In recent years, many local and overseas manufacturers have outsourced manufacturing and some supply chain operations to low cost countries to improve competitiveness. Lo and behold, it looks as though the pendulum may be swinging. For those who have questioned the merits of such a strategy, it may be a bit premature to say “I told you so,” however evidence suggests that some manufacturers are rethinking this strategy.
It is becoming apparent that many companies who have taken decisions to manufacture offshore may not have considered all relevant factors.
For a start, in places where labour markets were previously thought to be in never ending supply, such as China and India, it is becoming increasingly difficult to find workers. And, with wages and energy costs rising, contract manufacturers are starting to feel the pinch.
Add to this, an increasingly demanding customer base, which now expects products to be supplied closer to the source – in other words, we don’t want to wait several days for our goods to arrive.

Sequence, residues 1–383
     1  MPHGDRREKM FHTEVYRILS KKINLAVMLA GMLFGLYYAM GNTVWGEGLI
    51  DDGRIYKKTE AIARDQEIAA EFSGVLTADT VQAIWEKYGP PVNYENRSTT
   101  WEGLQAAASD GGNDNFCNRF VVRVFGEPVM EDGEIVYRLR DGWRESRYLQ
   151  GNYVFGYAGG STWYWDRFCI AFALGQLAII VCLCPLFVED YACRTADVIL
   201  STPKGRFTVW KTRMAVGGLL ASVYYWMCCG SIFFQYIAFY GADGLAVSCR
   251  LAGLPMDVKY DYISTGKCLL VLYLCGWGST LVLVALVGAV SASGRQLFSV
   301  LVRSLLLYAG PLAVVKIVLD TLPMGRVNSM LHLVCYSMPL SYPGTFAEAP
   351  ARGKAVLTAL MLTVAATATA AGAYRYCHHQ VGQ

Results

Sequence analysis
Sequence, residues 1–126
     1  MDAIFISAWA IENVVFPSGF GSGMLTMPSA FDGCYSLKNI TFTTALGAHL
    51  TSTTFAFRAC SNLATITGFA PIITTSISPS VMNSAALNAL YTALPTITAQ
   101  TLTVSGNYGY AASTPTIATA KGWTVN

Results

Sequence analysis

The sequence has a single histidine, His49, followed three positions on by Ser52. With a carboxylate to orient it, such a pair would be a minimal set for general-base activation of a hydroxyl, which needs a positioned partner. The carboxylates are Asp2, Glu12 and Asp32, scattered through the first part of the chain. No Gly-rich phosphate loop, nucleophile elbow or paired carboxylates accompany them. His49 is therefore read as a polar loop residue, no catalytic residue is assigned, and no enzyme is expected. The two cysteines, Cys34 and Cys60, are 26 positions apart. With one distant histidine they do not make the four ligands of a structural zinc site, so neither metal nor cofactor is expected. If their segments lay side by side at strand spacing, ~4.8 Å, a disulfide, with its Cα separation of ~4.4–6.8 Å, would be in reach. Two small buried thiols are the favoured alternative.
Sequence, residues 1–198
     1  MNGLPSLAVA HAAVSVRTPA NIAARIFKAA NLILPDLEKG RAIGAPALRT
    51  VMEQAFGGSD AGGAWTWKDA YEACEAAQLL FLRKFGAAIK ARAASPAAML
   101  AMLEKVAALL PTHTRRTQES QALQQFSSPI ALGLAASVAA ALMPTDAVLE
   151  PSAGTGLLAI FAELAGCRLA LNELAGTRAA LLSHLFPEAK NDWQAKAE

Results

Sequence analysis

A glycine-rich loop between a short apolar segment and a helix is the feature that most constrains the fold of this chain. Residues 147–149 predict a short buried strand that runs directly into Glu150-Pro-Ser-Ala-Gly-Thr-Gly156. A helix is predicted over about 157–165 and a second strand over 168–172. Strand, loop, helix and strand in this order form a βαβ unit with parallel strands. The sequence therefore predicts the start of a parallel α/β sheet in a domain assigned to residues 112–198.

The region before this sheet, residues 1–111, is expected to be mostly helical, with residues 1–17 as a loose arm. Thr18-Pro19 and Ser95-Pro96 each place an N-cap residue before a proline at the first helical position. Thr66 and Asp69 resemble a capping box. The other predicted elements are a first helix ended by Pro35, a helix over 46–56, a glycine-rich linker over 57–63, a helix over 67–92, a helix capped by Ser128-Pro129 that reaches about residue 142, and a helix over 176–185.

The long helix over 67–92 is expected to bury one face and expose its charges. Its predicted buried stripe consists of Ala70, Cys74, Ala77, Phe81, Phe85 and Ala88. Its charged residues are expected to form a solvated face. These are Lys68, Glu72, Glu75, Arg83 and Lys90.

A recent survey conducted by Accenture in the US confirmed that over 60% of companies surveyed will make the shift, citing cycle/delivery time (higher inventories!), product quality, logistics and supplier/component prices as the factors influencing their decisions. These companies have discovered that managing supply operations that are separated far from where demand occurs has limited their overall operational planning, forecasting and general flexibility, in some cases also driving up costs through the need for complex network management.
According to the survey, companies who are considering shifting their manufacturing closer to their customers are also responding to a need to re-balance their supply footprint to improve flexibility and responsiveness to varying demand and unknown customer requests quickly, with high quality and faster delivery and optimised costs. Whilst this may not always be ‘lowest cost’ these companies recognise that other value drivers, such as the ability to supply customer specific sku’s or customised products quickly, is important.
And while market conditions of Australian manufacturers may differ slightly from their US counterparts, it will be interesting to see if this trend amongst US manufacturers takes hold locally.
Are you, or leaders at your company, considering shifting operations so they are closer to your customers? Are increased flexibility and customer responsiveness now more important now than low-cost production? Has the complexity of your network management begun to outweigh the reduced production costs off-shore?
As always, I’m interested in your comments. What you are noticing?